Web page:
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Opinion: Don’t mistake the bodyguard state for a nanny

Richard Reeves has had a go at trying to describe a path for the Liberal Democrats to follow in order to escape from our current political mire.

It’s an interesting read, but peppered with many more sentences that made me groan than nod along. I take particular issue with his characterisation of minimum alcohol pricing and cigarette sales restrictions as indicative of the “nanny state” at work. The nanny state slaps your wrist as you reach for the cookie jar and says “no”. The nanny state stands between homosexuals who love each other and want to get married. The nanny …

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Independent’s spin on Nick Clegg and The Thick of It

LDV readers will no doubt be delighted that The Thick of It will be back on our screens this Autumn. The political satire has been greatly missed over the past two years and it will be interesting to see how they interpret the dynamics of Coalition Government.

If today’s Independent is to be believed, the script writers had a bit of help. The headline suggests a co-ordinated strategy – “How Nick Clegg’s aides tried to put him in the thick of it”. Sadly, the actual story doesn’t really stack up. “Nick Clegg may wish to interrogate his private office,” says …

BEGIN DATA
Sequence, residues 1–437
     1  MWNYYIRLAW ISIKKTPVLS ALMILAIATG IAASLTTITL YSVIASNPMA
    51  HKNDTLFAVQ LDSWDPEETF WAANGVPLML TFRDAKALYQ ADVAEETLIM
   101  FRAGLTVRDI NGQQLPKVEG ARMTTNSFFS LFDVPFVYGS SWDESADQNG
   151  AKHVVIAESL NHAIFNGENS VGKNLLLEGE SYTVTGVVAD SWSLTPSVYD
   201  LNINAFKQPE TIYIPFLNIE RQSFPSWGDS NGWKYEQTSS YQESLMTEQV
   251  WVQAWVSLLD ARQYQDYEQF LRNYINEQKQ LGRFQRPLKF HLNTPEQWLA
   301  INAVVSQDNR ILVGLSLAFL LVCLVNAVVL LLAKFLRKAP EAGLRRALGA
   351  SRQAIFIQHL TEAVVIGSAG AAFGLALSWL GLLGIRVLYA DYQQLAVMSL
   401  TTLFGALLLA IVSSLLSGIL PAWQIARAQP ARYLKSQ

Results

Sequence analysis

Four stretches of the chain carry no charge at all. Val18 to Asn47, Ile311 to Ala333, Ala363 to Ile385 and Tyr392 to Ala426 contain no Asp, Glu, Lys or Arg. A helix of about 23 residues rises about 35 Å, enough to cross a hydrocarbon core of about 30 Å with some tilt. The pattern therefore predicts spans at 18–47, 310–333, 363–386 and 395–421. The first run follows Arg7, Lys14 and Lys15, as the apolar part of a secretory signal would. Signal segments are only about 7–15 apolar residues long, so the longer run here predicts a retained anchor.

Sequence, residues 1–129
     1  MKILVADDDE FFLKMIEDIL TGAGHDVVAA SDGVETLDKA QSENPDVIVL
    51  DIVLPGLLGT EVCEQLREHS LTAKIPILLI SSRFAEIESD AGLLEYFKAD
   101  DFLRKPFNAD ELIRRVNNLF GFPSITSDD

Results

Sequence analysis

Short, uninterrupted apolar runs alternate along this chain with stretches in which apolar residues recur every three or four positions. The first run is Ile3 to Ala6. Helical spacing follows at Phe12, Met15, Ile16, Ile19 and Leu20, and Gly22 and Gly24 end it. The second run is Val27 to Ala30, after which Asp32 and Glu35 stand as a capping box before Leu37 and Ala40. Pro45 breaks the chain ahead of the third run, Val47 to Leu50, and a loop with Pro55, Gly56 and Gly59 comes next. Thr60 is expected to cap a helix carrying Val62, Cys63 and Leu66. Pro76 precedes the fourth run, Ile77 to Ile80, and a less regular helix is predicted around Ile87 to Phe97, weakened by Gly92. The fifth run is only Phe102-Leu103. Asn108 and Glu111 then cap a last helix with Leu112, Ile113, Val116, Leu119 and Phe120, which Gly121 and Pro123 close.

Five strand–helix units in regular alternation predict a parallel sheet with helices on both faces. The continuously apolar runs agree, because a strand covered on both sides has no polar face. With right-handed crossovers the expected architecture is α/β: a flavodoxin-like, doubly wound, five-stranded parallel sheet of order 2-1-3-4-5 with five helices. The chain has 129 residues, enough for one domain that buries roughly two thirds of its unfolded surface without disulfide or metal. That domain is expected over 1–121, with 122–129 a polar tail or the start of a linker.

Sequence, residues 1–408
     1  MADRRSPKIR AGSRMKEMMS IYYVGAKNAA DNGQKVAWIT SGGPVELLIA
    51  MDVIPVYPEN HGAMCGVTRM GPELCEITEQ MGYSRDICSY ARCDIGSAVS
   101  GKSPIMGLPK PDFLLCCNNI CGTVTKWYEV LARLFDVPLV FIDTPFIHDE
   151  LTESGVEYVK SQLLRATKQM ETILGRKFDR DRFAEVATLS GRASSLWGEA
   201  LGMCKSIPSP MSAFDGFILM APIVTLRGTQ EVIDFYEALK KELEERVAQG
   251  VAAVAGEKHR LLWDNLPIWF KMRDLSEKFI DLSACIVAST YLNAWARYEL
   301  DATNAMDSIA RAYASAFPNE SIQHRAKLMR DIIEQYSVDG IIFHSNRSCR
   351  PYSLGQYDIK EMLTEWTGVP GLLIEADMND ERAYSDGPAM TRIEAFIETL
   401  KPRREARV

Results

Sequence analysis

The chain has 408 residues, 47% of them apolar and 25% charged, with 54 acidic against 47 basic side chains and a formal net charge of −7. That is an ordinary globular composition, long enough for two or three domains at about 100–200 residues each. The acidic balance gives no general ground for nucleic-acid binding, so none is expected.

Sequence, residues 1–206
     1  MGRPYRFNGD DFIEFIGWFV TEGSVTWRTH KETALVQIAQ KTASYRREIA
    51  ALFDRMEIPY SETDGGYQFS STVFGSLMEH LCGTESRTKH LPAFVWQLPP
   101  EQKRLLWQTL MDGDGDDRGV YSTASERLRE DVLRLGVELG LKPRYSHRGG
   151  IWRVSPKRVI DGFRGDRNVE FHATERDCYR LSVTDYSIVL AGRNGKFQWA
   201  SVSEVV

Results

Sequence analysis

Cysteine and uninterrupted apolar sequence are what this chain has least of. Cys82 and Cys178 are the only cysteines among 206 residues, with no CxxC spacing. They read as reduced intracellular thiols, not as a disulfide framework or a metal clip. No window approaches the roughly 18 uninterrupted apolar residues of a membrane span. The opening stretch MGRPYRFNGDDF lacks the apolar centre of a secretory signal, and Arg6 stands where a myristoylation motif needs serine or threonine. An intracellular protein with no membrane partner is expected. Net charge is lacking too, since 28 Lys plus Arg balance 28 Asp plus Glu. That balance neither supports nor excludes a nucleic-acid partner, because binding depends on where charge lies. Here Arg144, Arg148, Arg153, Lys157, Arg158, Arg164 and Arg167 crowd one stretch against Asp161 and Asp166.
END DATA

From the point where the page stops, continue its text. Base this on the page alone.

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Richard Reeves to step down as Clegg’s director of strategy

Nick Clegg’s director of strategy, Richard Reeves, has announced that he is to step down from his position after deciding to move to the United States. Reeves was instrumental in establishing the 5-year Lib Dem coalition strategy, which he famously represented on a graph plotting “Lib Dem identity” and “Government unity and strength” over the five year parliament. Reeves was previously the head of Demos, and biographer of John Stuart Mill.

The Guardian has more on Reeves’ resignation:

and his American-born wife, Erica, are to depart for the US in the summer to give a chance for

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Clegg’s role in IDS’s welfare reform plans

Mark Pack blogged here on LDV this morning of Promising news on welfare spending as major reforms set for go-ahead, and noted that “Steve Webb’s backing for the policies is a promising sign”.

Also crucial, it seems, was Nick Clegg’s role, according to the Wall Street Journal’s Iain Martin:

I revealed in the summer that IDS and George Osborne had a stand-up row over the welfare budget, with a deal eventually being brokered in which IDS delivers cuts but gets to keep several billions for his reforms. The shape of those reforms will be announced at Tory conference next week.

Oliver

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Worth a second outing: How well does a think tank think?